Last week I struggled to convert one type of music file (my original content, not someone else’s) into another type of music file on my new computer, which has some fantastic features that I may never learn how to use. At a certain point, it appeared the file had been created or copied. But the suffix wasn’t right, it wouldn’t open in the media player to play… you get the idea. I had a thing, I could see it; it looked like the thing I wanted… and then the file was empty.
We’re getting into more and more of these sorts of situations with each passing day of unfettered reaching and exchanging with our digital communication devices. And yet regardless of how often we’re annoyed with digital material we can’t manipulate to our total satisfaction (“Could you re- send your 700 page novel as a PDF… thanks!”) none of those technical problems can give us a bigger headache than the ones generated by the device users: Us.
Two events last week brought into tight focus the layers of issues involved when lightning-fast content distribution meets human frailty and culpability. The events were different from each other, yet they shared one attribute: It would have been so great if word hadn’t gotten out quite so quickly. You know, all that super-speed we enjoy now in the transmission of information that often turns out to be hokum.
Last Tuesday it was reported that the Secret Service was investigating the hacking of the Twitter account at Fox News. Fox’s Twitter account appeared to issue updates claiming that President Obama had been assassinated. It’s the Secret Service’s job to protect the President; hence the heavy reaction to what might be viewed as a deeply unsettling prank. Still, you’d want to know that a manipulation of reality of that sort was being thoroughly examined. Imagine those responsible spreading the Twitter stunt over several or even many information platforms. Even Fox News called the phony tweets “malicious” and “false, “ although some will say that accurately describes their daily TV output.
You’d like to think that people would immediately turn to an alternative information source other than Twitter when something of this nature is being claimed. You want to believe that Twitter has built-in credibility problems at such a level that nothing ever amounting to real panic could be generated off just its feeds alone. But we’re not quite functioning inside a credibility ecosystem anymore. Mainstream media will now often report what some other platform is “reporting,” rather than send their own reporter out to see if, you know, the President has been shot. If an item is tasty enough, it goes forward on the pure momentum of its sizzling flavor before anyone has really checked on things.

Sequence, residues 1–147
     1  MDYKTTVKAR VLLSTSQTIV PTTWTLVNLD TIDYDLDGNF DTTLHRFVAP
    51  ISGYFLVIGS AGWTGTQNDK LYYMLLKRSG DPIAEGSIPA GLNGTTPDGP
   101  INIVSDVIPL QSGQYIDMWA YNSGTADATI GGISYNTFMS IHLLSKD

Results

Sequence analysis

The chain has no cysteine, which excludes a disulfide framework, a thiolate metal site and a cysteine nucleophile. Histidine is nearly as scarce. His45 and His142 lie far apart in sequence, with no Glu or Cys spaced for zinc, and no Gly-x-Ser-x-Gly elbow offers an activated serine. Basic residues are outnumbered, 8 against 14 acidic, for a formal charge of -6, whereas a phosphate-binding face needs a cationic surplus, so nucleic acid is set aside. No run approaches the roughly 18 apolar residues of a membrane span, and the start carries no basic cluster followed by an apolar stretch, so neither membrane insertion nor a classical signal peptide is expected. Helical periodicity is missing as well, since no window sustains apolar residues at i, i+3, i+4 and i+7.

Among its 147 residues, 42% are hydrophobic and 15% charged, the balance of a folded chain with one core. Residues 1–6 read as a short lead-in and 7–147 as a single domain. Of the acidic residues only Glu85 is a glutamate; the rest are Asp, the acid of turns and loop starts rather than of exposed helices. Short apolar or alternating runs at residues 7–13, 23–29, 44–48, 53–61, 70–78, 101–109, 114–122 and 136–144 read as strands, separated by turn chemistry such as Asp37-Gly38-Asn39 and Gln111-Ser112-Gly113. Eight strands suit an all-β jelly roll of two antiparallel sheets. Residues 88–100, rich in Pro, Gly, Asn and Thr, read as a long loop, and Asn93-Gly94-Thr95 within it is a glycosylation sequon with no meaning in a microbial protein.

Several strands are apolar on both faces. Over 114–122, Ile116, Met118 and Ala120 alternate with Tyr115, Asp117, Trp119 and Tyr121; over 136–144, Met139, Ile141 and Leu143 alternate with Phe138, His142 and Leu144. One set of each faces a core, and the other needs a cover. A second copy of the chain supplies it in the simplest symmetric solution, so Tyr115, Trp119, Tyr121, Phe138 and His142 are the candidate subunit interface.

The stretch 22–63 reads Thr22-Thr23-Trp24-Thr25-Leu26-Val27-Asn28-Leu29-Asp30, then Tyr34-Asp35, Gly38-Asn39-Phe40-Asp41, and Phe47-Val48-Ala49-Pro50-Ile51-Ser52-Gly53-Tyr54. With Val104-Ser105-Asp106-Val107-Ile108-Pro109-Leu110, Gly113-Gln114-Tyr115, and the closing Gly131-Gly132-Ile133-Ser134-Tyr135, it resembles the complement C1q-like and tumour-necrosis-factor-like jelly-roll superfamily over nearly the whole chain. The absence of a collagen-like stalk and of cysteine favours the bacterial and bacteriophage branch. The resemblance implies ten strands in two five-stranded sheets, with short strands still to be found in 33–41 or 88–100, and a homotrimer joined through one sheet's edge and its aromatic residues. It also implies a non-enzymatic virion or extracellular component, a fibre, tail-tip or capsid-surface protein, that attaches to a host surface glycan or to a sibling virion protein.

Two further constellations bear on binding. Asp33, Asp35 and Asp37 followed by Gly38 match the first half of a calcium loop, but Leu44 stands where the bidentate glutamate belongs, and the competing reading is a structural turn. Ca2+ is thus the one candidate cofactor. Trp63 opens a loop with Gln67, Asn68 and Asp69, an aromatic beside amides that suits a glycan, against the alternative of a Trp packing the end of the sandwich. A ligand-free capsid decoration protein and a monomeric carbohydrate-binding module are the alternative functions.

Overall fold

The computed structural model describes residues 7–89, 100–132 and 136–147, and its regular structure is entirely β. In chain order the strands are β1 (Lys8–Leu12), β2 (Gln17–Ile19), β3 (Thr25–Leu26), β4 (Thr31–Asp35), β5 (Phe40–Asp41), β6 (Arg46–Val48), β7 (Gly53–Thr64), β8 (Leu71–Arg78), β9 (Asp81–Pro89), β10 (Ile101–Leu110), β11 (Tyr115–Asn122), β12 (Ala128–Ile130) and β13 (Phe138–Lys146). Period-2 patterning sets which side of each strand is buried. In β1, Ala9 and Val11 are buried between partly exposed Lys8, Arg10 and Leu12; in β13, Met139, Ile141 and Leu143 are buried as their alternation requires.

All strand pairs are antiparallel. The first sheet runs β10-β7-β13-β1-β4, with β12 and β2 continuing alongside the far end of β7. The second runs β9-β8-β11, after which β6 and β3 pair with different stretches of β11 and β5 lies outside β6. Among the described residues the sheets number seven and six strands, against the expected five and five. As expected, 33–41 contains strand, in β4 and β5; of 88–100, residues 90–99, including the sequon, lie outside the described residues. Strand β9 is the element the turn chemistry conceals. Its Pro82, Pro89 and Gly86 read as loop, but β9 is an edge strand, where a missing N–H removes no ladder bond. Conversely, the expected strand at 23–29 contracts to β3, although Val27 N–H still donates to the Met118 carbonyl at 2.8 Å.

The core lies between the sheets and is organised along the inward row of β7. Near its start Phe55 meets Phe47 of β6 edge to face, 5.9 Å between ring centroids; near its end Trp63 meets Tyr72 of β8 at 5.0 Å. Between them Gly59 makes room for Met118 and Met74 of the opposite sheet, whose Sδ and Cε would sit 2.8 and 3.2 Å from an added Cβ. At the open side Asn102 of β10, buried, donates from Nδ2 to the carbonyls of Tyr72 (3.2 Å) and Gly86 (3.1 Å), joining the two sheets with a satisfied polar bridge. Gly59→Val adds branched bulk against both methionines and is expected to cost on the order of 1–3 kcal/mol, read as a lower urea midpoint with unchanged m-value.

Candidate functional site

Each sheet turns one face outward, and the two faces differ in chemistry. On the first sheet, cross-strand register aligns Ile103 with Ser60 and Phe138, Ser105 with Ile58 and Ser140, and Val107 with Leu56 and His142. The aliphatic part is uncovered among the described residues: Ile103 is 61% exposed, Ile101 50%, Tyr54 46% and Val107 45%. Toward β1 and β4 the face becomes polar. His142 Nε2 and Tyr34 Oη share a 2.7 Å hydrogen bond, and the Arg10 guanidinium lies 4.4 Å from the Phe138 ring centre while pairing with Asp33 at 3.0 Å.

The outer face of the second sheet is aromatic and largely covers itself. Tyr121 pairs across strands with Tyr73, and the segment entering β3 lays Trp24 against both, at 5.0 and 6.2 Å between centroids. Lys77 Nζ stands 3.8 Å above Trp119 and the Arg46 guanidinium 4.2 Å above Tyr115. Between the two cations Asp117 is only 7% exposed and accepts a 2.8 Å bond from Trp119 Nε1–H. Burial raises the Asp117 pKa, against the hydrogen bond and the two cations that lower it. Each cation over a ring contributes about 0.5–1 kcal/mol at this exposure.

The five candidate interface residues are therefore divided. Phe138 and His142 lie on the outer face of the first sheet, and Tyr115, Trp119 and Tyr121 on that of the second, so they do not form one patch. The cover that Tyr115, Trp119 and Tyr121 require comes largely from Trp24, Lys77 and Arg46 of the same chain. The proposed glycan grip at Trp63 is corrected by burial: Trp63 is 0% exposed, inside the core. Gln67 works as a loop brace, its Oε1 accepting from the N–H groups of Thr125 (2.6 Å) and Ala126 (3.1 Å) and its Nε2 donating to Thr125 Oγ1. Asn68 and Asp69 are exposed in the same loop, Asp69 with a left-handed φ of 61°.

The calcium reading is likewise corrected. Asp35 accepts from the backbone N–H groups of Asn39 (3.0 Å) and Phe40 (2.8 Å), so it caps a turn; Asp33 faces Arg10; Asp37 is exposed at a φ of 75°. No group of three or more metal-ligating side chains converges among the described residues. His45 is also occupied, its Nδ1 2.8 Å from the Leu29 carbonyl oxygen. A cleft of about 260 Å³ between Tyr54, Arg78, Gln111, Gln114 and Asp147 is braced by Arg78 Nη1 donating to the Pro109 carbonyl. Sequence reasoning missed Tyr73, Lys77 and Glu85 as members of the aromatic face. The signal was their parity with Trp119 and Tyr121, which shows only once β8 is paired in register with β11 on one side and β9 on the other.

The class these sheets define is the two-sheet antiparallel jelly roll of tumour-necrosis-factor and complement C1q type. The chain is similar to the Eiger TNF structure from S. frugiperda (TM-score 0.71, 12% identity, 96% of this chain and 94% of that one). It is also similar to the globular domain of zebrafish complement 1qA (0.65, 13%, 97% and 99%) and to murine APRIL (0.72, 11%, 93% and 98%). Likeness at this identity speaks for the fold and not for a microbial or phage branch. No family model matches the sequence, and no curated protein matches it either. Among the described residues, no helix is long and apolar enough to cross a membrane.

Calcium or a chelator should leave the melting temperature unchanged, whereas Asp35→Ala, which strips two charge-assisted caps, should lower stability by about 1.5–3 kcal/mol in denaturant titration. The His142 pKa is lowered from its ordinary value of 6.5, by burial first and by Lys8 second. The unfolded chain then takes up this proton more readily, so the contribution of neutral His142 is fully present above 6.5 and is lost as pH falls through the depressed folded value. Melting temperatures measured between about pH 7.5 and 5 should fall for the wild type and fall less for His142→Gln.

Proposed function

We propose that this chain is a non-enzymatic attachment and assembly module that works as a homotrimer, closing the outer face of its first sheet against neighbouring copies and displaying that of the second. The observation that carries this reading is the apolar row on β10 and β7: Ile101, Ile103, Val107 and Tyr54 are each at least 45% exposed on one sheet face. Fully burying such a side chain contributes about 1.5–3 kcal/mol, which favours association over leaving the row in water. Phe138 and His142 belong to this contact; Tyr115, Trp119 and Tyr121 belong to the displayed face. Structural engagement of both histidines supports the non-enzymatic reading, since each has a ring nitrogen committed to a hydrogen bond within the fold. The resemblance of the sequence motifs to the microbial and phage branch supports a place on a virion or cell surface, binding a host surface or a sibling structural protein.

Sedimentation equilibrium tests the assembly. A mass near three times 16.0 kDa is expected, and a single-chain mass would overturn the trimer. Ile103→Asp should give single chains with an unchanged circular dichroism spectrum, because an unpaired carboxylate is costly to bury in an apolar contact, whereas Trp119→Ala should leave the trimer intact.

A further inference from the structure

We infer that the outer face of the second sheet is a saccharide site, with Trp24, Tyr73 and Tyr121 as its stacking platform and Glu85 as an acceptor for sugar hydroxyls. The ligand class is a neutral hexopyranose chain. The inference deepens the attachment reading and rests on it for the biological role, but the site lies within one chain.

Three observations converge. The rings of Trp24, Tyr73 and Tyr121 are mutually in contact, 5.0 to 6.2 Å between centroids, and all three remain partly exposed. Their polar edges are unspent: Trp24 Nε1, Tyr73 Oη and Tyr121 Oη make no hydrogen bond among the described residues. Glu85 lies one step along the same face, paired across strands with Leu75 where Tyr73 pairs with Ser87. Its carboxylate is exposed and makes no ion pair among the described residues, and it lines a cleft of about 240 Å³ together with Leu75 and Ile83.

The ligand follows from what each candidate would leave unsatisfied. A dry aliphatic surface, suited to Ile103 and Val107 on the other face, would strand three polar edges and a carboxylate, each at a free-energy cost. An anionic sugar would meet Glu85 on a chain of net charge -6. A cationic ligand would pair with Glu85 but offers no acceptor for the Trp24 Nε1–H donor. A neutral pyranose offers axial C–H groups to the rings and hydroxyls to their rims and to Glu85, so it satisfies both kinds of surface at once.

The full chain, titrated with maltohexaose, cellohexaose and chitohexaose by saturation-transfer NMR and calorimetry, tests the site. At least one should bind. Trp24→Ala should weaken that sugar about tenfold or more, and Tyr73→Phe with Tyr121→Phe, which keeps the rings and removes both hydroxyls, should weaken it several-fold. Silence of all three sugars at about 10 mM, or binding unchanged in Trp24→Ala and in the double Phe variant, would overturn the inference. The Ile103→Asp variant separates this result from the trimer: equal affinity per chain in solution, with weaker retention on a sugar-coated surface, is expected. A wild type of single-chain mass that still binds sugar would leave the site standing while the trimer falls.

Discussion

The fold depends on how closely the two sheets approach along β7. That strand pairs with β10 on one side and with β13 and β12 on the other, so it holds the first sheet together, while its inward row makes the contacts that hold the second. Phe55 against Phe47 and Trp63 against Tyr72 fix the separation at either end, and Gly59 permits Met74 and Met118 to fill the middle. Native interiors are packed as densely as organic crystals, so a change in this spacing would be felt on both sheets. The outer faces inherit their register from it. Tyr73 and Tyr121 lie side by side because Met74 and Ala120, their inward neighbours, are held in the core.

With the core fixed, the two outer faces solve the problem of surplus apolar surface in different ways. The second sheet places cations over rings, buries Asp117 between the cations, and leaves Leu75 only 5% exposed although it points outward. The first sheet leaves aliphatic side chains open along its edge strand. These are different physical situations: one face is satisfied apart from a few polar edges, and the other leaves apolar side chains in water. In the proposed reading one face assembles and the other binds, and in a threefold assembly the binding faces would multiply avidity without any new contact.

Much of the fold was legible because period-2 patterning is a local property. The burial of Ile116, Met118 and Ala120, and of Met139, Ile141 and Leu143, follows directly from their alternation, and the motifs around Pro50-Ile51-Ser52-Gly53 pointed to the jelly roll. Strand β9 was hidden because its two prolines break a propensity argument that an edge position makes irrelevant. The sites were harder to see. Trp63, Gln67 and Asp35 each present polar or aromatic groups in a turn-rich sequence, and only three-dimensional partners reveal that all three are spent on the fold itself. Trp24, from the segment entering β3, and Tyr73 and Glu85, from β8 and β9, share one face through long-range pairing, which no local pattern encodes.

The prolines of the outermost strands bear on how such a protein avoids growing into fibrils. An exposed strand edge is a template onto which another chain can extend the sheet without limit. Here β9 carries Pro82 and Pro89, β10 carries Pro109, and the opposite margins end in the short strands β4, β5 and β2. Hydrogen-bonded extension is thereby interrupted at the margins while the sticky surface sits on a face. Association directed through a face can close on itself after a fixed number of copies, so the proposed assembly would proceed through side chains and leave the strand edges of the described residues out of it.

Which somewhat haphazardly gets us to the second event last week, which was the revelation that the alleged victim in the New York hotel room in which Dominique Strauss-Kahn and his DNA did something has been revealed to have been repeatedly lying. As reported by Maureen Dowd in the New York Times the woman lied that her husband died of torture by police in Guinea. She lied that she was gang-raped there. She apparently claimed a friend’s child as her own to get a tax break. She changed the sequence of events following the attack by Strauss-Kahn. By the time you read this the “case” my have fallen apart, even though something did happen in that hotel room and it doesn’t scream “leadership” on the part of the chief of the International Monetary Fund.
Mr. Strauss-Kahn was positioned to run for president of France before news broke of the alleged assault and the story virtually blasted off like a rocket circling the world. Satellites in space, mobile communication devices, digital transmission… all worked in sync to make sure this red hot potato of a sexy sex news story was out there as quickly as possible. The same technology colluded to create an overnight cottage industry of feature pieces in print and video exploring the morality and compulsions of powerful men who cheat or create sexual scandal. Mr. Strauss-Kahn wasn’t just a lusty Frenchman or a potential rapist; he was part of a cabal of men with power who get what they want sexually. Why oh why do we allow that? Match, fire, gasoline. Uh, wait a minute. Hold up. We’re getting a new angle on this from the victim.
Both the Fox Twitter feeds and the Strauss-Kahn accusations could have been better handled and, if you will, safety-checked for our protection by any filter of additional time. Rather than information catapulted into the media dome without validation, any mention of harm befalling our President might have simply been confirmed somehow before spilling into Twitter. It’s a little more difficult to imagine that the Strauss-Kahn affair would have been better investigated before being pumped into our pipes and played at high volume.
When those listening to Orson Welles’ 1938 radio broadcast “War of the Worlds” started packing their suitcases to flee the Martians, they had been told numerous times during the show by an announcer with a calming voice that it was just that… a radio show. Today, we may be required to be our own calming voice. We unfortunately can’t afford to be cynical about any sudden report of an attack because now we live in those times, too. Yet as incredible as some moments of 21st century life have been, we can still give ourselves a minute to always consider the source of information. Maybe the machine has simply generated an empty file, albeit with a particularly tantalizing label on the outside. And then, because we’re hungry, delivered it to us in 30 minutes or less.